When police officers showed up at Jackie Moore’s door in the middle of one night, she didn’t even think to consider the worst. Someone must have broken into her old house, she thought.
When she heard the officers say her older son’s name, that quickly changed. She pushed her husband out of the way and got the news directly from the Oak Park police: Jordan Moore-Fields was dead. The Amherst College sophomore and 2007 OPRF high school graduate had been killed in a car crash in Massachusetts, returning to school on a Sunday night with three friends.
That October night in 2008, Moore, 47, began expressing her feelings in writing. At first, it was private and purely cathartic. She wrote about all kinds of things, but all of them tied back to Jordan, her firstborn of four children – the 19-year-old she lost.
“I started writing to not go crazy,” she said. “Grief is so powerful, and I was just having so many feelings of loss and longing and missing my child.”
After a while, those feelings were bubbling about inside her, and Moore needed an outlet for them. She found it in a curious, beautiful and decidedly 21st-century way: a journal on the Internet.
Michele Weldon, an author in River Forest whose son went to school with Jordan, was one of the few friends with whom Moore first shared her writings. It was Weldon who encouraged Moore to put her writing out in the world.
“I think she really had all the tools – she’s a very thoughtful and articulate woman, and she just needed a push,” says Weldon, who teaches at Northwestern University’s Medill School of Journalism. “Rather than just keep these writings private, the impact can be so great on people who have suffered a similar loss who don’t have the talent that she does.”
As “alwaysmomof4,” Moore began a blog, posting her thoughts online. She quickly found the process rewarding.
“I’ve always written and never put anything forth in this way, in such a public medium,” she said. “I’d rather it be about anything else, God knows, but just to have other people say his name is just very powerful for me. And that they know him, and that they can appreciate him and walk up to me and say, “I know who your son is” – that’s the most gratifying part of writing,” Moore says.
That power is something that, according to Weldon, is best tapped into right away.
“The immediacy of a blog is really important. It’s when emotions are hot and issues accessible,” Weldon says. “Having written a book, the lag time between writing and getting it out there can be years. That lag time could really dilute the power.”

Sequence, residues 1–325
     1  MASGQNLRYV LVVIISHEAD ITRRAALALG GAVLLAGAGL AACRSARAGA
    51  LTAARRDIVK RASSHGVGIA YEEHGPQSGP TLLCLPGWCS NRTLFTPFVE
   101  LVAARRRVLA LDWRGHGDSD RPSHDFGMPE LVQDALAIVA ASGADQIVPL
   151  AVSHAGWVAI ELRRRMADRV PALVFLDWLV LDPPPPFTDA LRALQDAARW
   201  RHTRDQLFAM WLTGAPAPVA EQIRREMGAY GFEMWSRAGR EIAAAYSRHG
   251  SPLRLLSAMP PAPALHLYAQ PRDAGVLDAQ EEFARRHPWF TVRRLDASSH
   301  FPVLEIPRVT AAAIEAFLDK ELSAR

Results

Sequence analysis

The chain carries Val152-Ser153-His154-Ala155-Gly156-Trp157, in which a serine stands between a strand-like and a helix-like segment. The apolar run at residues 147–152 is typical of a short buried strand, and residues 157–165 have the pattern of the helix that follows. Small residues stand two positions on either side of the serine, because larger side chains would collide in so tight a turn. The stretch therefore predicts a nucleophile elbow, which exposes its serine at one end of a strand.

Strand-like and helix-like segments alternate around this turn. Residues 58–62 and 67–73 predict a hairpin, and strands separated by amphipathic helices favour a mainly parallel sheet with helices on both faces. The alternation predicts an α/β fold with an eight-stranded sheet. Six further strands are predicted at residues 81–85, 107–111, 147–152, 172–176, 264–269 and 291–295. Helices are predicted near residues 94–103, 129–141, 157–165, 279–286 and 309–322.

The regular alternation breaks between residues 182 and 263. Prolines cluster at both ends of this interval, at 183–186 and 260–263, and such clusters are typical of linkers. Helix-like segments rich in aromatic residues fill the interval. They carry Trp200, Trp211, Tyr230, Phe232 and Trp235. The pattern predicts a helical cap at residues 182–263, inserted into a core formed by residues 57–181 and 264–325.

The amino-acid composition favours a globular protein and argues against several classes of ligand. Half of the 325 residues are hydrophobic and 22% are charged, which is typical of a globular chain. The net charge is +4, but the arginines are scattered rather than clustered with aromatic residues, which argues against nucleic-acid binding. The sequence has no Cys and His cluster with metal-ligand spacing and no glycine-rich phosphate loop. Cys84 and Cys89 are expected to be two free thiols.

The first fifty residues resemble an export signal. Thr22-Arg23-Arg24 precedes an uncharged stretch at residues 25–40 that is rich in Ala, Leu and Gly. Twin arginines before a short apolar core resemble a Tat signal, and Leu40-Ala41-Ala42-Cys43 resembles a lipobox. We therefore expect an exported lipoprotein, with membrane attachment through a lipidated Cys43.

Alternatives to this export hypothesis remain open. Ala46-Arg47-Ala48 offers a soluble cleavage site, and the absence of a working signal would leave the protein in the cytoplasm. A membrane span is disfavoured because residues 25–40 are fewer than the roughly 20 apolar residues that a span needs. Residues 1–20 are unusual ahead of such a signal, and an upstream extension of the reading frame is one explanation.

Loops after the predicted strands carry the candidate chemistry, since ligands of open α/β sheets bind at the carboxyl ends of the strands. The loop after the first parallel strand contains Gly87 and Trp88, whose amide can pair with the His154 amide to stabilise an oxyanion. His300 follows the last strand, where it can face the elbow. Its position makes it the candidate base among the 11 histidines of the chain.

That power has drawn readers – and commenters – on almost every single one of her posts, creating an online support group.
“Writing has been a huge part for me of feeling sane, and a path to feeling connected with the world,” Moore says. “I’ve been given so much with the comments that I get from people on my blog who I’ve never met before, but they’ve lost children as well.”
8:39 p.m. April 13, 2010
There are days when the only way I know how to make it through is to pretend that Jordan is away at school. I get through the day by telling myself that he would be away at school not at home now anyway. This tactic helps me not to miss him so much. There are days when this strategy isn’t enough. I sometimes make it through with him living his dream of spending a semester in London. I imagine the conversations we would have and how I would vicariously enjoy his time there through him regaling his exploits and adventures.
There are other days when no matter how hard I try I can’t summon the energy to pretend. Grief lies right under the surface of my skin, undulating with sparks that threaten to make me cry out. I wonder as I make it through the day if I’m finally reaching the point where breakdown with all its screaming, pounding force will take over. I don’t trust myself to breathe in too deeply for fear that I won’t release the breath or worse the release will be a scream. How did I get to such a place? I wonder most days how life took such an unimaginable turn. My son is gone and it takes all of my strength to remember that I’m still here to do more than grieve. Pain comes in many forms. Grief hurts.
Comment – 12:15 p.m. May 14, 2010
Your honesty is a gift. How many people, might see themselves in your words, and feel less alone in their struggles, because of it? While you are weary, you are strong. You are willing to delve into this deep and most personal of pains, put it into words, and give it to the world. Our world teaches us to be ashamed of being human. We learn to hide our vulnerabilities, our sadness, our horrors. We are embarrassed when we cry. We dare not admit that we have been wounded les we be deemed weak. Well, your journal proves just the opposite to be so. Your strength comes through every vulnerable, aching word you share. And though you may feel very close to the edge as you live these words, know that every time you share your life through your blog, you are helping other grieving, broken hearts, to hold on, and keep going.